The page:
The morning sun was slowly beginning to heat up the forest and I was busy trying to finish skinning out my elk before it became too warm. I paused in my work and set down my Havalon knife to once again admire the beautiful animal that lay before me. I am always amazed at the huge size of a mature bull and this one was no different. The forest seemed to have a magical quality as I went about performing the ritual that had played out for so many generations before me. As I was thinking about my part in this life cycle a voice from directly behind me shattered the stillness. “Damn boy, that’s 3 for 3 out of this here unit for you!” I darn near had a heart attack from the scare as I whirled to see my old friend “BB” staring at us from the top of the hill. “Damn “BB”, don’t sneak up on me like that. You scared the crap out of me!” “BB” started chuckling and moved down the hill toward me. He carefully looked at the animal at my feet and pronounced, “He was a darn fine bull. A couple more years and he would have been a real contender for being top bull on the reservation side of the fence.” Now my curiosity was hiked up by that statement. “What the heck are you talking about “BB” I asked? Continue reading
Just prior to the end of June “BB” sent a message by text that he wanted to meet in an unusual place. He asked that we meet just outside the Black Mesa Ranger District offices. To say that my curiosity was piqued would be an understatement. The meeting time was scheduled for a full moon, so I knew that a midnight meet was possible. Considering that it was on a Monday night and that the folks in Heber roll up their sidewalks after dark, I knew that “BB” felt safe. I wondered long and hard on the ride up what he was up to. Meeting in what constitutes downtown Heber meant I did not need the Tundra, so with fuel savings in mind I headed up the Beeline in my Prius.
The Arizona Elk Society is well-known in Arizona both for their fundraising prowess, and their ability to get large numbers of hard-working volunteers rallied for a variety of important habitat projects throughout the year. What you may not know though is that the AES is increasing their effectiveness and their efficiency in planning projects by building close working relationships with the various agencies responsible for habitat and wildlife.
We caught up with Tom Runyon of the US Forest Service. Tom is the Hydrologist for the Flagstaff and Mogollon Rim Ranger Districts, in the Coconino National Forest.
How long have you been working with AES? I started my career with the Forest Service roughly 1 year and 8 months ago. Not long after joining the Forest Service, I began interacting with AES so I would say I’ve been working with them for 1 1/2 years.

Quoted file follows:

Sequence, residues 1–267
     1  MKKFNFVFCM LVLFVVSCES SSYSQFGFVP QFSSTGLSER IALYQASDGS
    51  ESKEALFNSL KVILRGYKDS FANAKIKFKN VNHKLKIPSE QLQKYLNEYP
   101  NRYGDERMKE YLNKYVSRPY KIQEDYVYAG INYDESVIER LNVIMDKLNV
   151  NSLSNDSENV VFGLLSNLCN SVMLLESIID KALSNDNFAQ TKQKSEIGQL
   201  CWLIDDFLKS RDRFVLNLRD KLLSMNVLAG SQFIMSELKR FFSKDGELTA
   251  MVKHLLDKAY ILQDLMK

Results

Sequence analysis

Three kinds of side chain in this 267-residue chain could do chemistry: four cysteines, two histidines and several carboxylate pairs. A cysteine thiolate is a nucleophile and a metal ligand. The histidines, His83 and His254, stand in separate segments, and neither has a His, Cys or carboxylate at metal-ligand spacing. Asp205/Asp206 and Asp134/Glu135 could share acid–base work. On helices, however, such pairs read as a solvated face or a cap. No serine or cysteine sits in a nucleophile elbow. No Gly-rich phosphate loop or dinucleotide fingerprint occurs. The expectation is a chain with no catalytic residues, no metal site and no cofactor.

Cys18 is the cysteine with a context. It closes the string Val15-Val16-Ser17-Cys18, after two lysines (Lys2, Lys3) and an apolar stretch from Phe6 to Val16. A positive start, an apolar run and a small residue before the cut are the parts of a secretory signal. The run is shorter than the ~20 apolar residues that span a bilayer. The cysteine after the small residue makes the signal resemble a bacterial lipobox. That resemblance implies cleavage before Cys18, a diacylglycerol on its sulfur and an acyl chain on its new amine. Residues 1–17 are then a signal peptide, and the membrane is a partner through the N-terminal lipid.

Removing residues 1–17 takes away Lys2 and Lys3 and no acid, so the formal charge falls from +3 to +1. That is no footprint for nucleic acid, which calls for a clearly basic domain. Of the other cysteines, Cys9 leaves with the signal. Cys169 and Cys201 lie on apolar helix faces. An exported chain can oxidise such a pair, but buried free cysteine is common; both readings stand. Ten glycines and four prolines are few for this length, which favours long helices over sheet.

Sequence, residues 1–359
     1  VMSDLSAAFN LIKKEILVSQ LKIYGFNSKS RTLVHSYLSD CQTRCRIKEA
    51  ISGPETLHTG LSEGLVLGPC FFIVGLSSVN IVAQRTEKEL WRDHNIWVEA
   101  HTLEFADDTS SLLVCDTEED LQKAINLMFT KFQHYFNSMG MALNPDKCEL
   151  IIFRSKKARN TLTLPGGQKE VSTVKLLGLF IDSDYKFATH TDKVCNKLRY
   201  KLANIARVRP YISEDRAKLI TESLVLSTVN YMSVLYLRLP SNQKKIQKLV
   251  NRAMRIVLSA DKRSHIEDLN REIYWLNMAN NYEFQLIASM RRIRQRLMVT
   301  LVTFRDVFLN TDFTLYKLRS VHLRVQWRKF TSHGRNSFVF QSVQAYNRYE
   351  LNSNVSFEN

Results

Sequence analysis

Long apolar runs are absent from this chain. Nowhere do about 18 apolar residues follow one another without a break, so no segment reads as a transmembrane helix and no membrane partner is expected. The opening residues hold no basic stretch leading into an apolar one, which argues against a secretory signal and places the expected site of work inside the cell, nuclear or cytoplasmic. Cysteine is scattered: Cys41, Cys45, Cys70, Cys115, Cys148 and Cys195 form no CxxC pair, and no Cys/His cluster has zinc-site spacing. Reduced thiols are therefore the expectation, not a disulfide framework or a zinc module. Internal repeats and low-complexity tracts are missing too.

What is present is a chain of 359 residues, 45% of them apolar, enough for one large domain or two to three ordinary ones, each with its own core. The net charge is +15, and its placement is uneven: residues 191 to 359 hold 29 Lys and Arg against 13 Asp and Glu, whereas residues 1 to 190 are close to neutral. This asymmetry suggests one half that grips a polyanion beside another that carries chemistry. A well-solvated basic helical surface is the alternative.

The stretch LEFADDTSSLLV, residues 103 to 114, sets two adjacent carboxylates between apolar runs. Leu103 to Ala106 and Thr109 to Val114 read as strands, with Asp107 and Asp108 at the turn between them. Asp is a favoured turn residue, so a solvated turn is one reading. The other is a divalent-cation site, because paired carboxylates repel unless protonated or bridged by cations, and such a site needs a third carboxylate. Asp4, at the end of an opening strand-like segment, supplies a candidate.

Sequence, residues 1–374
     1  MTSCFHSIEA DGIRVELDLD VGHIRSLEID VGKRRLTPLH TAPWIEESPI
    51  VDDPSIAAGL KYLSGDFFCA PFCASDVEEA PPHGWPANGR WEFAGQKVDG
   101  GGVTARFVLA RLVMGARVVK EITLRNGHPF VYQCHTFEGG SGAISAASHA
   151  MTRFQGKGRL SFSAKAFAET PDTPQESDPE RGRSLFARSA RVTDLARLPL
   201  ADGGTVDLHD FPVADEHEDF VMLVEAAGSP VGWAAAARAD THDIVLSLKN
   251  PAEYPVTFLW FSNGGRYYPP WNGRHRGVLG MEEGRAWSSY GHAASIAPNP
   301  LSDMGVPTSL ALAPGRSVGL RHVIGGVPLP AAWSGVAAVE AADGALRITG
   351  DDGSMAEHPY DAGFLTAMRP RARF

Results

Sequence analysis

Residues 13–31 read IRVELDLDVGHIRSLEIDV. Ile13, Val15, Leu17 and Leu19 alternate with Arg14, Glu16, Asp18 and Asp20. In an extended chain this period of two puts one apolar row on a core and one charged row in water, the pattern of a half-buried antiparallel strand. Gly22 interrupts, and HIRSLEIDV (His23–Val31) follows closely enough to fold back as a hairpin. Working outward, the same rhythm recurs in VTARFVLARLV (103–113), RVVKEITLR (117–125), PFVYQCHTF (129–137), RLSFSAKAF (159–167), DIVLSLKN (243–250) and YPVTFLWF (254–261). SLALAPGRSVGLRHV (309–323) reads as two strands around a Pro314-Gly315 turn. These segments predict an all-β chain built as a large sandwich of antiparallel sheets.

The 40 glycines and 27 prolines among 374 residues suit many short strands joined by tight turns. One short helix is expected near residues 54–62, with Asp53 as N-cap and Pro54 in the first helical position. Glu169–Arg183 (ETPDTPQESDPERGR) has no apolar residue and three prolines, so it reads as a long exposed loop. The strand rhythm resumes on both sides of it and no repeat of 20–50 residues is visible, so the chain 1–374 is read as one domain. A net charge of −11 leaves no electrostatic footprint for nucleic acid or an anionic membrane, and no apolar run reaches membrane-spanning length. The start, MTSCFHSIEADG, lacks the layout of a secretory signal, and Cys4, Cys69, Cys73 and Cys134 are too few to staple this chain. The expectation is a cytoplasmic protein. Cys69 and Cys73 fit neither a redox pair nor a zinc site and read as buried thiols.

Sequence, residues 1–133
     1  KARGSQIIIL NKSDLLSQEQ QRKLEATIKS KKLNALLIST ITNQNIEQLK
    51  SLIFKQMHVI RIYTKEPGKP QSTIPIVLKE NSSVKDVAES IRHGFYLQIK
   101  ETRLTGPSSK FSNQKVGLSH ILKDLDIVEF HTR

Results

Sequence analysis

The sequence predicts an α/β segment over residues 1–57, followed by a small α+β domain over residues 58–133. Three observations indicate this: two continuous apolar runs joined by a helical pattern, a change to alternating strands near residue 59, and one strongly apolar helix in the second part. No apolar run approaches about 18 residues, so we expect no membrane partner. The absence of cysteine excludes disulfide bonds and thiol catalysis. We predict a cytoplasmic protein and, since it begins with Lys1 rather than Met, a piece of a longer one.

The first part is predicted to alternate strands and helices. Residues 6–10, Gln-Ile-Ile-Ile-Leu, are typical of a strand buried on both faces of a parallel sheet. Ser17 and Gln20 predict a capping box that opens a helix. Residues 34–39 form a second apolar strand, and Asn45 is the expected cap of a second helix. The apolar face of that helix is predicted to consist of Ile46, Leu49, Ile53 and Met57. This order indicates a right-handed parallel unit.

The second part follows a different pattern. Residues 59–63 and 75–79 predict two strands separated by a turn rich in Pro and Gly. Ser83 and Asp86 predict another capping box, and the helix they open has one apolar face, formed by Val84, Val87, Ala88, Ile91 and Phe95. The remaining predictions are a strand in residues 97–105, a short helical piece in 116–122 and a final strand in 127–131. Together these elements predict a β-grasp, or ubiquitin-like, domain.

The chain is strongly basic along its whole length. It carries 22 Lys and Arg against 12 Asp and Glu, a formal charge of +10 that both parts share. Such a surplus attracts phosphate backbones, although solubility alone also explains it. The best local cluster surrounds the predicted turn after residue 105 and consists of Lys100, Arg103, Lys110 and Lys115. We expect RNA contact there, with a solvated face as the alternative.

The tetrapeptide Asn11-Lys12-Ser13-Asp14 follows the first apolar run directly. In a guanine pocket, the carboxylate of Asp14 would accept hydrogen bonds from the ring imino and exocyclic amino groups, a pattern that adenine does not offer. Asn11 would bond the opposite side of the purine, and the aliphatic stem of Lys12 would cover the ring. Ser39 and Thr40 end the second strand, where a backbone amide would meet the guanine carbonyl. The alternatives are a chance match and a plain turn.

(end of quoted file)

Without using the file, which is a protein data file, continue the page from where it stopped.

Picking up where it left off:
What are some of the major success stories regarding your partnership with the AES? In the short time I have been working with AES, we have accomplished much including refurbishment of three exclosures which limit impacts to wetlands from ungulates, reconstruction of a ¼ mile fence to prevent vehicle access to a meadow, removal of miles of downed livestock fencing, and thinning of conifers which are encroaching on meadows. Our future efforts will focus on stabilizing stream channels and restoring riparian stream conditions in the Buck Springs area of East Clear Creek.
Is this type of relationship with a conservation group like AES pretty unique? AES is unique in terms of the resources they are able to bring to bear on conservation projects. Last summer, some 150 volunteers spent two days removing fence and thinning conifers in meadow systems during an annual AES-sponsored work event. I have worked with numerous conservation groups but have never seen such a huge response to a volunteer event. What truly amazed me was the level of organization that went into this effort. AES provided all the food and tools for the weekend event so that the ability to accomplish work was maximized.
What are the advantages of working so closely with the AES? With shrinking Federal budgets, the ability to accomplish on-the-ground restoration projects with in-house resources is extremely limited. AES greatly extends the Forest Service’s ability to get work done. Not only are they able to draw upon a huge membership base but they form partnerships with other conservation groups to further extend their conservation efforts. AES recently partnered with Arizona Audubon Society to apply for a grant to conduct stream channel restoration efforts at Buck Springs on the Coconino National Forest. They routinely work with groups such as the Boy Scouts to coordinate service projects that benefit habitat conservation and improvement. The aforementioned ¼ mile fence reconstruction effort to protect a meadow was accomplished through AES’s interaction with a Boy Scout troop.
The Arizona Elk Society continues to do necessary, effective work in the wild lands of Arizona by raising badly needed funds, recruiting and organizing volunteers to do the work and forging relationships with the agencies that are custodians of our resources.